Economy & Policy

Budget 2017: Expectations in infrastructure, manufacturing and capital goods sector

The key expectations from Union Budget 2017 is to have 'certainty and clarity of tax laws/, 'ease of doing business' and ‘efficiency in the Public Private Partnership (PPP) model'

Updated: Jan 30, 2017 12:30:23 PM UTC

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Backdrop The Government has set the foundation for making India a globally competitive destination with the introduction of ‘Make in India’, ‘Start up India’, ‘Skill India’, 'Digital India’ and ‘Atal Innovation Mission’. The implementation of these polices calls for a robust infrastructure setup, which is imperative for India for an inclusive growth in a slowing global economy and achieving 25 percent share of manufacturing in GDP by 2022. The key expectations from Union Budget 2017 is to have ‘certainty and clarity of tax laws’, ‘ease of doing business’ and ‘efficiency in the Public Private Partnership (‘PPP’) model’.

The industry is eagerly waiting for clarity on the implementation of Goods and Service Tax (‘GST’), which could result in credit / cost efficiency for the sector. The sector is currently saddled by multiplicity of taxes and cascading effect of such taxes. Single (and lower) tax with better credit flow is the expectation of the industry from the Government.

Key expectations

Policy reforms
• Fast track implementation of proposed industrial corridors, manufacturing zones, multi-modal logistic hubs and incubators for start-ups with appropriate institutional and regulatory framework.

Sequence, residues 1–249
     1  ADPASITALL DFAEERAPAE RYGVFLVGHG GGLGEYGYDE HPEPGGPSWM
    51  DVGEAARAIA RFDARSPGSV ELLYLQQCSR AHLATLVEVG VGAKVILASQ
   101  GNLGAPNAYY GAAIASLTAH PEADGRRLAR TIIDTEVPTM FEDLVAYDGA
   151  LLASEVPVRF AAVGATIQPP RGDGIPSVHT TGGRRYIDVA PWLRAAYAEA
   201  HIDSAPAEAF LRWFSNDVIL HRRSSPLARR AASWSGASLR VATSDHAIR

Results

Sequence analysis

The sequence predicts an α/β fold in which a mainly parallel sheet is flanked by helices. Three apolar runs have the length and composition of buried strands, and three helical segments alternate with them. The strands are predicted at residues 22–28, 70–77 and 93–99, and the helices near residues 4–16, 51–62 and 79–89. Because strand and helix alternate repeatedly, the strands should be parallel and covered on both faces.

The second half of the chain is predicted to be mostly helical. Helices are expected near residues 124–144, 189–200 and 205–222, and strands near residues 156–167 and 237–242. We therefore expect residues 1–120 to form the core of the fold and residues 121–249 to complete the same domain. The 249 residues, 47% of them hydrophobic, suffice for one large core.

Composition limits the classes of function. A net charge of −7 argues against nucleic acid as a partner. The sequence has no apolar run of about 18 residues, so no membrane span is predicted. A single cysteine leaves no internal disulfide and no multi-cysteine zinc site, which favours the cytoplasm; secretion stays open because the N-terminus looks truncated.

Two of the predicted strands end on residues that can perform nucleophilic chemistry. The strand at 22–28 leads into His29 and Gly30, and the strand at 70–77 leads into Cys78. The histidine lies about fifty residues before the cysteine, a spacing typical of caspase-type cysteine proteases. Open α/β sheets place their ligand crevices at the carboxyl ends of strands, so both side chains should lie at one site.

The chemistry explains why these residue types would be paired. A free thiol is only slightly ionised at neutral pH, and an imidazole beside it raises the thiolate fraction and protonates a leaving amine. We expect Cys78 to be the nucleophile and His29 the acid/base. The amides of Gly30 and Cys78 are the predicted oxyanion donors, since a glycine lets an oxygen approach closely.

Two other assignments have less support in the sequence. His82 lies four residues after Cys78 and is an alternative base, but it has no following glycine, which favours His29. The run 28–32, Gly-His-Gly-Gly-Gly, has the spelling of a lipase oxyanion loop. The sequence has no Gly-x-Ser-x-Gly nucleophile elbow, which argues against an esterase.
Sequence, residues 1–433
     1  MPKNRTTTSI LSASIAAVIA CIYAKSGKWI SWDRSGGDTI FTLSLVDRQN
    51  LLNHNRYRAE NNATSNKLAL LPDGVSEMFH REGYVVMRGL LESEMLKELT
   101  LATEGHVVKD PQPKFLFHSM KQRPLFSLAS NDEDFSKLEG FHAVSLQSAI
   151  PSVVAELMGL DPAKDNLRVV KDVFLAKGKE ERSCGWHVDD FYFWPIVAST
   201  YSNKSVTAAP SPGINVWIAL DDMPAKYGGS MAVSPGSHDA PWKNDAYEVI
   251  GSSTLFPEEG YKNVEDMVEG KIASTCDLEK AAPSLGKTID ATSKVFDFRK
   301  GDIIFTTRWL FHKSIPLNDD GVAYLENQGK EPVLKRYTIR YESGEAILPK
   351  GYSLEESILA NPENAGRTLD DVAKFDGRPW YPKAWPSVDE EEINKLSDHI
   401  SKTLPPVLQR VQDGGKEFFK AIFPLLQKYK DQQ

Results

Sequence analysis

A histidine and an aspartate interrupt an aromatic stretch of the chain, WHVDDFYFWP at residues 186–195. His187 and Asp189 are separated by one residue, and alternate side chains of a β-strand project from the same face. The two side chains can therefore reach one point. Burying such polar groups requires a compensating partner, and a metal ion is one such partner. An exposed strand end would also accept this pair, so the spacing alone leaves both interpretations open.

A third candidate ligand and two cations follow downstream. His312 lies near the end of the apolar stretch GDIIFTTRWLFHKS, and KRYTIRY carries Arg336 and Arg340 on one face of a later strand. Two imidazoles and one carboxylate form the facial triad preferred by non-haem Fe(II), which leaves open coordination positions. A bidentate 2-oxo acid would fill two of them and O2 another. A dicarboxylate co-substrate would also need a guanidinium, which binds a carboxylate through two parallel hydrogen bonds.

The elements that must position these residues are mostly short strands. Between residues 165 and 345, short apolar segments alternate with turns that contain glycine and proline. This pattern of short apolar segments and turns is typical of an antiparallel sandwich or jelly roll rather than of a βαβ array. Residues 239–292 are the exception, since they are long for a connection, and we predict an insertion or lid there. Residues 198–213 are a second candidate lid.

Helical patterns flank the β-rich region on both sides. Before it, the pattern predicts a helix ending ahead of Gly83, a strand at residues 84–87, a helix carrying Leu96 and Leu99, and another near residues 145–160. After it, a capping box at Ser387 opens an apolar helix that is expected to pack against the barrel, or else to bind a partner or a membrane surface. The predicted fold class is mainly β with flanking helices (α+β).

• Accelerate reforms to labour and allied factory laws and the land acquisition bill.

• Introduce measures to implement recommendations of Kelkar Committee Report on ‘Revisiting And Revitalising Public Private Partnership Model of Infrastructure’.

• Facilitate resolution of disputes in (existing) infrastructure related contracts through passing of ‘Pubic Utility (Resolution of disputes) Bill’.

• The regulatory mechanism on industrial and institutional buyers was revised in the Legal Metrology regulations to ease compliance from declaring the Maximum Retail Price (‘MRP’) on packaged manufactured items for B2B segment.  However, this key change (which also has an Excise duty implication) has been limited in adoption.  Also, the authorities are also pursuing cases on imposing the MRP regime in ‘non-retail’ situations, such as restaurants, food courts, etc.  A legislative clarity on this issue is required.

Direct tax
Infrastructure, manufacturing and capital goods

• Extend ‘investment allowance’ to non-corporate taxpayers and to enable Micro Small and Medium Enterprises to avail the benefit, reduce the investment limit.

• Extend claim of ‘additional depreciation allowance’ on newly acquired and installed, plant or machinery to infrastructure companies.

• Clarify that upgradation / extension of existing infrastructure facility would also be eligible for investment linked deduction under section 35AD.

• Grant relief from Minimum Alternative Tax (‘MAT’) to SEZ developers, units in SEZ and infrastructure companies.

• Provide investment linked incentive to developers of manufacturing zones, including relief from applicability of MAT.

• Extend benefit of carry forward and set-off of business loss on amalgamation or demerger, currently available to industrial undertakings, to infrastructure sector.

• Extend pass through benefit available to InvITs on interest received from Special Purpose Vehicles (‘SPVs’) which are companies, to interest received from Limited Liability Partnerships (‘LLP’).

• Allow SPVs held by InvITs to carry forward unabsorbed business losses, if change in shareholding beyond 51 percent is due to change in holding by the InvITs.